Details: As part of the Coronavirus Preparedness and Response Supplemental Appropriations Act signed on March 6, 2020, Congress set aside additional funding for small-business disaster assistance. The EIDL program offers low-interest federal disaster loans to small businesses throughout the United States that suffer substantial economic injury due to COVID-19. Loans of up to $2 million can be used for many different types of expenses, including payroll, accounts payable, fixed debts, real estate payments, and other bills. Interest rates are 3.75% for small businesses with no other available credit and 2.75% for nonprofits. Payment can be spread over long time periods, as much as 30 years. The program is scheduled to last through December 31, 2020.
Subsequently, a provision in the CARES Act allowed for EIDL loan advances of up to $10,000 to small businesses facing a temporary loss of revenue. The loan advance does not have to be repaid (i.e., it is essentially a grant) and is intended to provide a much-needed influx of cash more quickly than the EIDL loans. These grants can be used to meet certain immediate expenses, including rent or mortgage and paying sick leave to employees affected by COVID-19.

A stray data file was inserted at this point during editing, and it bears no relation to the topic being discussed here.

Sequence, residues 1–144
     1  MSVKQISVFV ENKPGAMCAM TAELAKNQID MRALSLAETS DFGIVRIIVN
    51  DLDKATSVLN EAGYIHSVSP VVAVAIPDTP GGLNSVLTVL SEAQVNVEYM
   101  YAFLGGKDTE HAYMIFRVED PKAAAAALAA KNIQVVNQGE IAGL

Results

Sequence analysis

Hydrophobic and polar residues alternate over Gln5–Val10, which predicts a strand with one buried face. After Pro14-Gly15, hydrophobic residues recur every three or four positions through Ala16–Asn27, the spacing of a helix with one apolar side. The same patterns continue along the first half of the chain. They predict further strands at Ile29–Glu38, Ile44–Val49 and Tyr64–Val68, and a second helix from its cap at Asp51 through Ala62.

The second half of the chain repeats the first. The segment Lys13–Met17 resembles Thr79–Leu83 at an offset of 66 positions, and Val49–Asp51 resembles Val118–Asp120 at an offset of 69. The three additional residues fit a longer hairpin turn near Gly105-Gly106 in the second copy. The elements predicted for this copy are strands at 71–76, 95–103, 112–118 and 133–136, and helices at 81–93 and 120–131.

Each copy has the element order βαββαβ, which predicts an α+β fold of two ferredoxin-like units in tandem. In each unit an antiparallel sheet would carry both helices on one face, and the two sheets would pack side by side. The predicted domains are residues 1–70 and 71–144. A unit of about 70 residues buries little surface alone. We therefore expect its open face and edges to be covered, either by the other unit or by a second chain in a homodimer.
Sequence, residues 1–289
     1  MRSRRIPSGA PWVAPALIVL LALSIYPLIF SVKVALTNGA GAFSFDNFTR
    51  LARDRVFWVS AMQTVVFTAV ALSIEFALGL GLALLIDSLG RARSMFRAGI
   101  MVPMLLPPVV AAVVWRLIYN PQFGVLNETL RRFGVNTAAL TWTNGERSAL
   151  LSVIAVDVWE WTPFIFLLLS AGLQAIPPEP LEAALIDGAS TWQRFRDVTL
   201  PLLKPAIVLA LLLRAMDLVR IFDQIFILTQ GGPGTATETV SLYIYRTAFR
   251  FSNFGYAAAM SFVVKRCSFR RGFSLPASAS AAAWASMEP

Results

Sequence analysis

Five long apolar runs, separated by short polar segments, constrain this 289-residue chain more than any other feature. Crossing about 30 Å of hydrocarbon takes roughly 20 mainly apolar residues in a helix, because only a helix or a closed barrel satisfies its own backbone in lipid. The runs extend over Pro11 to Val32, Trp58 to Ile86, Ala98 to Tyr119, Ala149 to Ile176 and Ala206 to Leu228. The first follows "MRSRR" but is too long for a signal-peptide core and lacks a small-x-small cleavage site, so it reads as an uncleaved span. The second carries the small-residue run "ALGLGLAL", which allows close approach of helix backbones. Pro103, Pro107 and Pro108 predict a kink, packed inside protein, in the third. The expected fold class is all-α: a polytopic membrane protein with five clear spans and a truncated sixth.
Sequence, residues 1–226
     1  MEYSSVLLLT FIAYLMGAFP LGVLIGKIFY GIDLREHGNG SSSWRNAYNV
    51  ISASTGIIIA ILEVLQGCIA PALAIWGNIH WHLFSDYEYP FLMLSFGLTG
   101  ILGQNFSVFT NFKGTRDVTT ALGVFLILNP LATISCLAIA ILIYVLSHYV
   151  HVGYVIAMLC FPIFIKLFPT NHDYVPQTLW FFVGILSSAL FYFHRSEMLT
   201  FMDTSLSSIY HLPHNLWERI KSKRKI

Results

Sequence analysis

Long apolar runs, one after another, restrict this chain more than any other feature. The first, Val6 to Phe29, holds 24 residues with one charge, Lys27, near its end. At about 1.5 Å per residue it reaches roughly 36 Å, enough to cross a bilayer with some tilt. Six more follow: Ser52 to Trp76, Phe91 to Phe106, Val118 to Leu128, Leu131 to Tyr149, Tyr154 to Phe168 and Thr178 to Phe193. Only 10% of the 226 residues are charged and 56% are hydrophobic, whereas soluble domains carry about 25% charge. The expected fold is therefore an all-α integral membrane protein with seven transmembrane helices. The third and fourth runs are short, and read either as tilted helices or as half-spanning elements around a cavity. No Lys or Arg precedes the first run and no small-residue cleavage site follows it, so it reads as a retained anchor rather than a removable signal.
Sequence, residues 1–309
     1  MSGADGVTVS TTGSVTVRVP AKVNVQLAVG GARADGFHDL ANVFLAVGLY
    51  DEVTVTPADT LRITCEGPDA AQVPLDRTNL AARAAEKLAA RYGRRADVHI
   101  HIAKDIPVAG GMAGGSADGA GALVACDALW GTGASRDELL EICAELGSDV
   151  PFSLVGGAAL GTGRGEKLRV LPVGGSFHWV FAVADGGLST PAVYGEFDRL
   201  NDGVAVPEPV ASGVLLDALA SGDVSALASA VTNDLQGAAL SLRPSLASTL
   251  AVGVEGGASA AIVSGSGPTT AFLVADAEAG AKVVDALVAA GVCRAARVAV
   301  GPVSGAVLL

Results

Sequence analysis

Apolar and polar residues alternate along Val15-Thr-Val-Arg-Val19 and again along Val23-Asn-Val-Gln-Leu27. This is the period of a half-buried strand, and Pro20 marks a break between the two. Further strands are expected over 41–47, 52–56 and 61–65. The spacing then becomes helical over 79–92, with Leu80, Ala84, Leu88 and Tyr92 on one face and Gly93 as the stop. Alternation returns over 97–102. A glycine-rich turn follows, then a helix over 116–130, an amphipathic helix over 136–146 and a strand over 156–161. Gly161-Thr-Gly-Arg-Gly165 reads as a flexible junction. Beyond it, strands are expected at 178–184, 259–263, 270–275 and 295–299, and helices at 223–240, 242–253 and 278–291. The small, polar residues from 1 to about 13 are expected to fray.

Eligible employers: Businesses that may apply are those with fewer than 500 employees, including sole proprietors, independent contractors, and self-employed individuals affected by COVID-19. Businesses with more than 500 employees may be eligible if they meet the SBA’s industry size standards.
Status: This program was also put on hold earlier in April after initial funding was exhausted. Due to the Paycheck Protection Program and Health Care Enhancement Act, the program will receive an additional $60 billion. Farmers and ranchers with 500 or fewer employees are now eligible for the EIDL program. As of this writing, the SBA website says, “SBA will resume processing EIDL loan and advance applications that are already in queue on a first-come, first-served basis. We will provide further information on the availability of the EIDL portal to receive new applications (including those from agricultural enterprises) as soon as possible.”